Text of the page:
'Wings' show highlights how insects, animals, humans fly

You might say the idea for the latest Gresham Art Committee exhibit took flight on Dec. 17, 1903, in Kitty Hawk, N.C.

That’s the day the Wright Brothers flew their first airplane, launching a revolution in travel that has taken humanity all over the globe, and off it as well into outer space.

“Before that, men and women had flown in hot-air balloons, but the Wright brothers were the first to achieve powered flight, which relied on wings,” says Michael R. Anderson, lead curator of “Wings,” which is on display at the Gresham Visual Arts Gallery in the City Council chambers, 1333 N.W. Eastman Parkway, through Jan. 31.

The show examines winged flight by insects, animals and people, Anderson says, and it includes such art forms as wall hangings, ceramics, drawings, paintings, photography and sculptures.

Featured artist

Michael Abando’s graphite pencil drawing of “Ford Tri-Motor” earned the artist the show’s Poster Award.

“I have been drawing since a very young age, but around the age of 10, people started to notice my drawings,” the 33-year-old says, adding he moved here from the Philippines when he was 19 and became a U.S. citizen in 2008.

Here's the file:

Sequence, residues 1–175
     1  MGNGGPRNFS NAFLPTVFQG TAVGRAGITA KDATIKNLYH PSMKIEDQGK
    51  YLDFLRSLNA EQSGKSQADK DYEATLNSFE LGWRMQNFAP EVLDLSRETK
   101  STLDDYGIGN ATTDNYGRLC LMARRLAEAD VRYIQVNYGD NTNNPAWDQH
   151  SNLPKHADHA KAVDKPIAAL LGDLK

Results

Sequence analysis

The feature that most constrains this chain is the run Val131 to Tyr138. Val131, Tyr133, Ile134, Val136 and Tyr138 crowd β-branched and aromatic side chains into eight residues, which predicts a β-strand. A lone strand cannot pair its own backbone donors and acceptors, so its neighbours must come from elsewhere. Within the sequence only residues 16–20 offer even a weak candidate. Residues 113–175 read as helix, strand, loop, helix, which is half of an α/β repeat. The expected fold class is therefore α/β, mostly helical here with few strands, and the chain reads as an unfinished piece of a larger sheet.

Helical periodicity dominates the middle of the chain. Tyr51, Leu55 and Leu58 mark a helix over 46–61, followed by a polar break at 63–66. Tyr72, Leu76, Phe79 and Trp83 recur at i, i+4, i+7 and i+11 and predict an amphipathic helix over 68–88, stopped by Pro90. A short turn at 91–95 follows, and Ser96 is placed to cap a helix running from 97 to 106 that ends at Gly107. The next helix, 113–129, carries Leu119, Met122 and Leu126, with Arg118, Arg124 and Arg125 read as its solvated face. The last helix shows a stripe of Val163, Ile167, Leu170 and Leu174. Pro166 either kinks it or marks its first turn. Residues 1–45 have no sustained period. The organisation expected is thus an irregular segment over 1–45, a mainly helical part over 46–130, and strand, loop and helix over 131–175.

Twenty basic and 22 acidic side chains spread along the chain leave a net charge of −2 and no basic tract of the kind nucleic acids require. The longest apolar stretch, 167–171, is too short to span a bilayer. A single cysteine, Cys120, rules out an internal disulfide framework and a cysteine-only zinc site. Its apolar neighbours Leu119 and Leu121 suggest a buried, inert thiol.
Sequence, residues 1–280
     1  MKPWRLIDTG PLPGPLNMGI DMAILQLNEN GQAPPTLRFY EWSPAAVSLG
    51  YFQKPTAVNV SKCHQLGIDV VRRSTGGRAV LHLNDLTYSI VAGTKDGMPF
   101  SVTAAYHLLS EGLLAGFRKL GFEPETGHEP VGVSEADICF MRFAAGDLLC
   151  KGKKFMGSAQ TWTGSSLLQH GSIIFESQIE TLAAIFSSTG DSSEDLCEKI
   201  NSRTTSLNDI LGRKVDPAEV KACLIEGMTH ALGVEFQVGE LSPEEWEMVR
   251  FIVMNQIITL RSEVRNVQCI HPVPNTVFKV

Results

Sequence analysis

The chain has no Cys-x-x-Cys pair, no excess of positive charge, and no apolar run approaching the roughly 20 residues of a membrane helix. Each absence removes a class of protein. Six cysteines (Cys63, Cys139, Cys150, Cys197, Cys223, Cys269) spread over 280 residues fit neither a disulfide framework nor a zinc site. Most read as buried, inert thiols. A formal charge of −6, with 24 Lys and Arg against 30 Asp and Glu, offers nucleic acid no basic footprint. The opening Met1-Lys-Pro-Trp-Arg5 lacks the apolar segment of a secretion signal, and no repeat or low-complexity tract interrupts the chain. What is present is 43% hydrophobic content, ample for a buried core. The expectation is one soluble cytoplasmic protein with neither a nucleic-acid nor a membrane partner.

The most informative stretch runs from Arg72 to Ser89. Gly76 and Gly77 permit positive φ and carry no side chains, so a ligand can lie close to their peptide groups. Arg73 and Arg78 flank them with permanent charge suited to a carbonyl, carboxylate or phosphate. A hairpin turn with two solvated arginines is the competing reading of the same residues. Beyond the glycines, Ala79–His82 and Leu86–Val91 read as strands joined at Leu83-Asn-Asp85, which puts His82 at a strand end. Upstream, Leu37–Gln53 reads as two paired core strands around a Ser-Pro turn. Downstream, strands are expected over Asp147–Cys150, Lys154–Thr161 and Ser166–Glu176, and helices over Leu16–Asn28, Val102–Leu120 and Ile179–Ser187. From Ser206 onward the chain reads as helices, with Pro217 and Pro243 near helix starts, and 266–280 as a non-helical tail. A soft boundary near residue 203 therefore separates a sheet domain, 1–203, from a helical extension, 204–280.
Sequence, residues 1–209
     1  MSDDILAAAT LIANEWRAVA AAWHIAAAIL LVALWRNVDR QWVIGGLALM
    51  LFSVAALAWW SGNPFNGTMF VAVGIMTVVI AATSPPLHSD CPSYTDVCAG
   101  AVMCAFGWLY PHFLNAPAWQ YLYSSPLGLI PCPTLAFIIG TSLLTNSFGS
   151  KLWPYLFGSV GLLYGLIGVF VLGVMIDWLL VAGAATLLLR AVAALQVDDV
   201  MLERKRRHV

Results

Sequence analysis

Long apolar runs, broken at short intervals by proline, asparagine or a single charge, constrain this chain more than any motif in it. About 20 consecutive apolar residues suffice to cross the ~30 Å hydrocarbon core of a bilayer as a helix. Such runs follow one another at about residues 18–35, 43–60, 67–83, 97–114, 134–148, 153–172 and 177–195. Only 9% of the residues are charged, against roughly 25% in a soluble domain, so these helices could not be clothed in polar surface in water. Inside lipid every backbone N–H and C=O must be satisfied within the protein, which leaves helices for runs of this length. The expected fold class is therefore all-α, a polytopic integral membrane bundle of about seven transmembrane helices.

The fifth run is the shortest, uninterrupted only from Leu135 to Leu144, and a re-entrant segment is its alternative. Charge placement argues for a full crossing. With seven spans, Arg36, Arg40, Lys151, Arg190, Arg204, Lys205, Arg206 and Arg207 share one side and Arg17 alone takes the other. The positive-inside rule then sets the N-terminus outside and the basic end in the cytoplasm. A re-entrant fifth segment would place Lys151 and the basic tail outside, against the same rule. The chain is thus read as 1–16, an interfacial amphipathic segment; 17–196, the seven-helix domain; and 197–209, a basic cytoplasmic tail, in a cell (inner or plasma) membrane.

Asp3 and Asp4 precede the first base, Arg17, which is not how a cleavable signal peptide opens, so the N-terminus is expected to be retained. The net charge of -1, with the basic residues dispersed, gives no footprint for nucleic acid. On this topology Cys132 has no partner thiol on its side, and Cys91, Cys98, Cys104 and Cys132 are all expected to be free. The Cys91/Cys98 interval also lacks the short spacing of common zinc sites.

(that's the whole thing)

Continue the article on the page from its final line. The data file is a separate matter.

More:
After arriving in the States, Abando took a job at Evergreen International Aviation in McMinnville and in the evening went to night school, eventually earning a degree in architecture from Portland State University.

“I have worked in many capacities over the years at Evergreen, starting as a ground maintenance person, then as a shipping/mail clerk,” he says. “I worked in the museum, helping to archive, helping at the gift store, at admissions and also volunteering to dust aircraft on weekends.”

His persistence and dedication earned him an internship as a graphic designer in Evergreen’s corporate communications department. He also shared a house in McMinnville provided by Evergreen with three other individuals, one of whom was Jack Real, an aviation pioneer and a close confidant to famous aviator, billionaire and movie tycoon Howard Hughes. The late billionaire’s Spruce Goose, the largest aircraft ever built, is a famous attraction at the Evergreen Aviation & Space Museum.

“Jack was very friendly and very smart, and he knew a lot about aviation,” he says of Real, who died in 2005. “His stories about aviation and his life dealing with Howard helped inspire my art.”

Over the past several years, Abando has helped build design models for projects such as the Evergreen IMAX (now known as the Evergreen Theatre) and the Evergreen Space Museum Titan II Missile Pit. In 2010, Abando embarked on his biggest art undertaking yet, illustrating the entire museum aircraft collection, and these pencil drawings are sold exclusively in the museum store.

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